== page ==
In order to interact effectively with autistic individuals, police officers must be trained in recognizing the signs of autism and how to appropriately converse with someone on the spectrum. People with autism have behavior and communication challenges that need to be addressed effectively.
When dealing with autistic individuals, police officers should strive to keep the situation calm, reduce excessive stimulation, provide a clear explanation of the situation, and allow extra time for the individual to respond.
If police officers can adjust their standard approach to meet the communication needs of someone with autism, the situation is likely to remain calm, the autistic individual will have less anxiety, and the experience has a better chance of being positive and productive for everyone involved.
Interacting With Autistic Individuals
People with autism present with a variety of behavioral and communication symptoms that can make social interactions challenging. Autistic individuals need to be approached with special care because they often misinterpret social signals and have difficulty interacting with others. Social situations can be challenging, especially unexpected and stressful ones.
Autistic individuals can struggle to respond appropriately to others and understand what is expected of them. They may also lack confidence to communicate effectively, especially if they have had negative experiences in the past.
Frequently, people with autism exhibit communication challenges, such as:
- Difficulty paying attention to what is being said.
- Trouble processing what people say to them.
- Confusion with open-ended questions.
- Not asking for help.
- Taking things literally.
- Striking out physically if they do not like what is being asked of them.
- Negative reactions to the word no.
- Limitations with nonverbal communication.
- Echolalia, or repeating what is being said to them.
While the above factors make communicating with someone who has autism difficult, it is not impossible. By gaining an understanding of challenges many autistic individuals face, police and other individuals can learn effective strategies for successfully interacting with autistic individuals.
What Police Should Do
With about 1 in 54 children in the United States currently diagnosed with autism, there is a high likelihood that police officers will come into contact with people on the spectrum throughout their careers. For that reason, it is important for police officers to be educated on the range of behaviors that someone with autism may exhibit.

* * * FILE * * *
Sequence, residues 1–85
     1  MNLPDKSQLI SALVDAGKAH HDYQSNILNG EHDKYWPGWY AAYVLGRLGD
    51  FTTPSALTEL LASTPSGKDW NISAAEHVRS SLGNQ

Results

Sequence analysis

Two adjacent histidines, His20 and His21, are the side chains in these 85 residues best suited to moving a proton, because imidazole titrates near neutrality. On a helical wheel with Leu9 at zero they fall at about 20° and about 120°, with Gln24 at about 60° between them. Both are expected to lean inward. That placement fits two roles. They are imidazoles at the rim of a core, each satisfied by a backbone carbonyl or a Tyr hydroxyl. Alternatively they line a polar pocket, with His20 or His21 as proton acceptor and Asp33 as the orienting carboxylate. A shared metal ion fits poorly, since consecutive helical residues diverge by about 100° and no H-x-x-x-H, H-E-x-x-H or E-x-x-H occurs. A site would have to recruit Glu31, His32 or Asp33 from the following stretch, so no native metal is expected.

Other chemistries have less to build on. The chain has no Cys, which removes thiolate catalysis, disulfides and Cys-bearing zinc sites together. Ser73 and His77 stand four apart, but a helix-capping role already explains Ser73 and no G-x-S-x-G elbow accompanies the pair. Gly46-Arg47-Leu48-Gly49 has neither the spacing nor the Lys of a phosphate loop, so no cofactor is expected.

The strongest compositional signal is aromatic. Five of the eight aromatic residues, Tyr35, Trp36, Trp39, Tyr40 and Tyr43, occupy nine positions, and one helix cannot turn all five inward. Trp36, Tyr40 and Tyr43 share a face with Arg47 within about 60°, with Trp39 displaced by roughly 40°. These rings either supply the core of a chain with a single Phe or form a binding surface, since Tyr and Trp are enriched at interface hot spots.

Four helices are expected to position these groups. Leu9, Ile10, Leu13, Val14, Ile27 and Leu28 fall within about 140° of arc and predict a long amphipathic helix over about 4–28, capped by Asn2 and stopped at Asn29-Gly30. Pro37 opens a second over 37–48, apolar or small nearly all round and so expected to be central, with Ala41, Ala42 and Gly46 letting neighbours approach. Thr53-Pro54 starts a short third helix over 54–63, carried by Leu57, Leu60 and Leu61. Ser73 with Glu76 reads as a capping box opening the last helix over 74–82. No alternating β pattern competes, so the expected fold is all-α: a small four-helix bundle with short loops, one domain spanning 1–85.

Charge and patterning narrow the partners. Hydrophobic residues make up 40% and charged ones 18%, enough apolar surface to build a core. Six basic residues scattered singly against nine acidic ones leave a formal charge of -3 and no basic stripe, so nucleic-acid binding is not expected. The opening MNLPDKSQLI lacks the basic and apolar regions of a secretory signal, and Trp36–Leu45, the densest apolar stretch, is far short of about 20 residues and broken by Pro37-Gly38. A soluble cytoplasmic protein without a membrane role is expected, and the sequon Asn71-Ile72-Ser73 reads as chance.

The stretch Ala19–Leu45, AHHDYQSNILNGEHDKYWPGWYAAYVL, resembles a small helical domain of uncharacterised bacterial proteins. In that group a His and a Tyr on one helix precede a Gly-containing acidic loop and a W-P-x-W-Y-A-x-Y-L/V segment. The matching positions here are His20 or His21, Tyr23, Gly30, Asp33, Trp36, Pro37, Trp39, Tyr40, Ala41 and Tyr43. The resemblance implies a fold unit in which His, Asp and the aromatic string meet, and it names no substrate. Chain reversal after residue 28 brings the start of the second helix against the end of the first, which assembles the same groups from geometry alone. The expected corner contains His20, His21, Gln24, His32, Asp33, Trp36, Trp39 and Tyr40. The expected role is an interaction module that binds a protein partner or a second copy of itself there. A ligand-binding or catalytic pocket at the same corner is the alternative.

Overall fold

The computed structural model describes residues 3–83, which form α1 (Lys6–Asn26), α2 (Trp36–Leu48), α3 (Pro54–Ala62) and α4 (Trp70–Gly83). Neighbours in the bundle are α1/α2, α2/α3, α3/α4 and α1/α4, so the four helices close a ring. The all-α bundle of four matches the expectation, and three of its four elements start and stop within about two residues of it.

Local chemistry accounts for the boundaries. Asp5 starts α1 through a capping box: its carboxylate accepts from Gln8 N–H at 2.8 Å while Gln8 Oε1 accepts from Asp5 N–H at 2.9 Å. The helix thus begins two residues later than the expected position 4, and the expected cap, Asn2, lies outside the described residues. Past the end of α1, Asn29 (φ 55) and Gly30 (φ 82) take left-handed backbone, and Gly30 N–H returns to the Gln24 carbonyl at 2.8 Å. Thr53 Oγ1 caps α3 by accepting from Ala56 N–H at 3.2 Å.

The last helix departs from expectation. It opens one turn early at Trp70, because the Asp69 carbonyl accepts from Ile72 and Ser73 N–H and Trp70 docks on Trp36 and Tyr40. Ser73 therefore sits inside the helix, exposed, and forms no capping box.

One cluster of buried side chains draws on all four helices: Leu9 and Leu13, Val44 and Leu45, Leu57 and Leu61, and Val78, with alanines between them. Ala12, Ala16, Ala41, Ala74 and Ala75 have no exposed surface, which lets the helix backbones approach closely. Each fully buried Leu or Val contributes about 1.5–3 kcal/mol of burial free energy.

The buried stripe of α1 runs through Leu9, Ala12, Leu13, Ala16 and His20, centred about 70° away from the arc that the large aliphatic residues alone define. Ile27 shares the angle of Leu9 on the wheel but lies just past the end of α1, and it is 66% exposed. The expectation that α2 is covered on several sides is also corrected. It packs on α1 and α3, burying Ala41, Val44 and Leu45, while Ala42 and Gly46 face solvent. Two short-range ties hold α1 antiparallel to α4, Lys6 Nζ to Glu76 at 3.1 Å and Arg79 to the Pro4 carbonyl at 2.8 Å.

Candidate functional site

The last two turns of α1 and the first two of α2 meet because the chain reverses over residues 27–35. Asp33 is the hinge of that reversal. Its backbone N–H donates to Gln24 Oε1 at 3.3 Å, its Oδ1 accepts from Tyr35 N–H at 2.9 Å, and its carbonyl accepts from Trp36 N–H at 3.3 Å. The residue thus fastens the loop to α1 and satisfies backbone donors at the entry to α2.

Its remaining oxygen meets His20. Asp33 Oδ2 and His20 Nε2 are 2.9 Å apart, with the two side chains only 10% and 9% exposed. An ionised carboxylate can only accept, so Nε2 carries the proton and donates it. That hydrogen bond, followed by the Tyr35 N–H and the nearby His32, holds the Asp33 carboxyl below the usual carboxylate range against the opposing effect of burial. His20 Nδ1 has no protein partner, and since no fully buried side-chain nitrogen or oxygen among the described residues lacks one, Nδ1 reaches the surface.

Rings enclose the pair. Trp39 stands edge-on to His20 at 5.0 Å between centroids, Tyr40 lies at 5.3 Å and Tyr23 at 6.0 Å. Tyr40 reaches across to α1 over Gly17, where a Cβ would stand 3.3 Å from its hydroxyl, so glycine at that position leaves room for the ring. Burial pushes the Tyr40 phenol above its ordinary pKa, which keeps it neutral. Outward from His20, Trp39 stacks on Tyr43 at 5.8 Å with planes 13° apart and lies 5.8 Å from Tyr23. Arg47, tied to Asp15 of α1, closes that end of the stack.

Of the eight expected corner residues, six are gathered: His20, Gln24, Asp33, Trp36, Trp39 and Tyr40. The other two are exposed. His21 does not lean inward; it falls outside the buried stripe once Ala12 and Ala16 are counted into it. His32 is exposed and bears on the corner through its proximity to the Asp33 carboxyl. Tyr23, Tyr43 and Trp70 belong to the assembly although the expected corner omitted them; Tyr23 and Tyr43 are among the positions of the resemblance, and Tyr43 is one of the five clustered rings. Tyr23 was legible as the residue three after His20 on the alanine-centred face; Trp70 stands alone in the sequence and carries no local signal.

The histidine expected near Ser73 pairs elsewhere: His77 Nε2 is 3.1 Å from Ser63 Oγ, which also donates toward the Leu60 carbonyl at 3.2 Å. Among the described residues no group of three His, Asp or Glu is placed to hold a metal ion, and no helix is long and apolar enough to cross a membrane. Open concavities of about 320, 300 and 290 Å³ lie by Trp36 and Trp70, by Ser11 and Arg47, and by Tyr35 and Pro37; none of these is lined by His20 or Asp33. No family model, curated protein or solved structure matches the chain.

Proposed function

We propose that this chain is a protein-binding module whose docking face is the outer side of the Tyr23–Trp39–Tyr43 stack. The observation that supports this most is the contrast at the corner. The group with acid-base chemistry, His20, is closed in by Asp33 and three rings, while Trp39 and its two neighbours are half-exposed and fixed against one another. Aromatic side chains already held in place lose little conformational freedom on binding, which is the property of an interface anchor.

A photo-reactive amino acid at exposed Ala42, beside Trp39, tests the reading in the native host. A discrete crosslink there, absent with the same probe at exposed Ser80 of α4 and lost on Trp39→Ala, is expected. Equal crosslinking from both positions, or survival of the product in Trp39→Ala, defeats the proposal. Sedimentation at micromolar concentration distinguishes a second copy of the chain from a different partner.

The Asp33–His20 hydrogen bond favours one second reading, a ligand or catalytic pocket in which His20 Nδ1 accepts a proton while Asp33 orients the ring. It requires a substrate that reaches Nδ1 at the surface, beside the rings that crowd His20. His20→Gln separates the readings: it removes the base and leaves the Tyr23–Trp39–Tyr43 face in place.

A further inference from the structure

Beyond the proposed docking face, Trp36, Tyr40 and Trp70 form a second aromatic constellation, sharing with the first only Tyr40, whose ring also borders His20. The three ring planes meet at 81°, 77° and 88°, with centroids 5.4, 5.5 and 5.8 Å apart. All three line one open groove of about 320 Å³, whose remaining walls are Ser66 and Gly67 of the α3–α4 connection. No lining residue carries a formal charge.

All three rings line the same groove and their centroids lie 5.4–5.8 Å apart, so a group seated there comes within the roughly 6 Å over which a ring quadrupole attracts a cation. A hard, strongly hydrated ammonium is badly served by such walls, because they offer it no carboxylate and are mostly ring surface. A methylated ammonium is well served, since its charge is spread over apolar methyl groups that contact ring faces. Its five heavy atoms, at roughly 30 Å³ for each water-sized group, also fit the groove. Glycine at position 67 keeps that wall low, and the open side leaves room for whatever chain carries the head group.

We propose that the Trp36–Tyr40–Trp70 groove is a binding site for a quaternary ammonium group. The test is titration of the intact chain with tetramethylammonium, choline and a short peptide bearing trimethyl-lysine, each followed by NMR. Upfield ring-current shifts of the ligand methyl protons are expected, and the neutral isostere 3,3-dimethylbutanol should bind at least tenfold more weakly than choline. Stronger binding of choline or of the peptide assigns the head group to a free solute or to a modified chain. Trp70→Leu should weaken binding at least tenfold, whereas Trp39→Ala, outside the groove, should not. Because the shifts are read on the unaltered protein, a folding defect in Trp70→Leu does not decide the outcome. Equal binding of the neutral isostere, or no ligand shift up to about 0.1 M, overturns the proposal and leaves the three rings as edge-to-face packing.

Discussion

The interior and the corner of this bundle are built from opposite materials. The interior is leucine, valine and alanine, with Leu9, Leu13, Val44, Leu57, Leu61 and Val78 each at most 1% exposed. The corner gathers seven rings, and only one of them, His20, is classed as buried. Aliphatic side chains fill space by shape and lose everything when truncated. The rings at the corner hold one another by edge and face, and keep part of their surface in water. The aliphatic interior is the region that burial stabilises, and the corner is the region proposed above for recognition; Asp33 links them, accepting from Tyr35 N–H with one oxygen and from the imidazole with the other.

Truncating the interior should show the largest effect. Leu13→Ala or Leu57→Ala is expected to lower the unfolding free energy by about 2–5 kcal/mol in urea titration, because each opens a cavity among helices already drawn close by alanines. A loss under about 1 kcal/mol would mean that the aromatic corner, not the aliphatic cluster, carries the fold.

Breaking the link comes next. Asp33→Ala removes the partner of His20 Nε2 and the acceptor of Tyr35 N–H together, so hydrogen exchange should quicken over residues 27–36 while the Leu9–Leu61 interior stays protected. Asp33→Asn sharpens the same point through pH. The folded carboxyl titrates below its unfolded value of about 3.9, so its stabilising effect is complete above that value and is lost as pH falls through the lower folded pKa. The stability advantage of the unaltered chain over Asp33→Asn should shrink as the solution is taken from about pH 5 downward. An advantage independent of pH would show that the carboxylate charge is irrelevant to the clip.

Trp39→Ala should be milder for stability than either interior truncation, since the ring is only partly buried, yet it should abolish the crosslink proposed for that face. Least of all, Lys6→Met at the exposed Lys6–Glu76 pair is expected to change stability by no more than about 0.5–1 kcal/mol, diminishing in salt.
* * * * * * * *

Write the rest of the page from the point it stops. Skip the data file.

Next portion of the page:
There are practical steps police officers can take to correctly identify someone with autism and reduce misunderstandings. These steps include:
- Make an effort to gain an understanding of autism.
- Learn how to read cues from people with autism.
- Participate in training courses on how to work with this demographic.
It can be difficult to recognize that someone has autism just by looking at them or even by speaking with them. Someone with autism may speak a lot but comprehend little, or they may not speak at all but still understand the situation well. Typical characteristics of autistic individuals, such as not making eye contact or smiling, can also be misinterpreted by police as indicating a dangerous person, when really the individual just has autism and struggles with typical social interactions and behavior.
Education on typical characteristics of autism, as well as how autistic individuals are likely to respond to stressful situations, can help to make interactions between police officers and people with autism positive experiences for everyone involved.
Types of Autism
Autism spectrum disorder (ASD) refers to a range of behavioral and communication symptoms. Some people with ASD are considered to be high-functioning, and you may not be able to tell they have autism by interacting with them. People on the opposite end of the spectrum exhibit severe behavior and communication challenges that make it impossible to live independently.
Types of autism, which are based on severity level, are as follows:
- Level 1, requiring support: Individuals with Level 1 ASD are often able to live independently, with supports in place. They exhibit some deficits in social communication that can make it difficult to initiate social interactions and appropriately respond to social cues. Challenging behaviors include inflexibility, difficulty with transitions, and problems with organization and planning.
- Level 2, requiring substantial support: Individuals with Level 2 autism have noticeable deficits in verbal and nonverbal communication skills as well as impaired social skills, even with supports in place. Challenging behaviors include inflexibility, difficulty coping with change, restricted or repetitive behaviors, and distress and/or difficulty changing their attention or action.
- Level 3, requiring very substantial support: Someone with Level 3 ASD exhibits severe deficits in verbal and nonverbal communication, and may be entirely nonverbal. They initiate limited social interactions and responses to others, and they only respond to very direct social approaches. Challenging behaviors include inflexible behavior, extreme difficulty with change, great distress and difficulty changing focus or actions, and restricted or repetitive behaviors that interfere with all aspects of functioning.
It is important to use special care when interacting with individuals with autism, especially those with severe autism. Individuals with severe autism have extreme difficulties with understanding communication and expressing themselves. They may also exhibit a flight response to stressful situations and put themselves and others in great danger in an attempt to flee the distressing situation.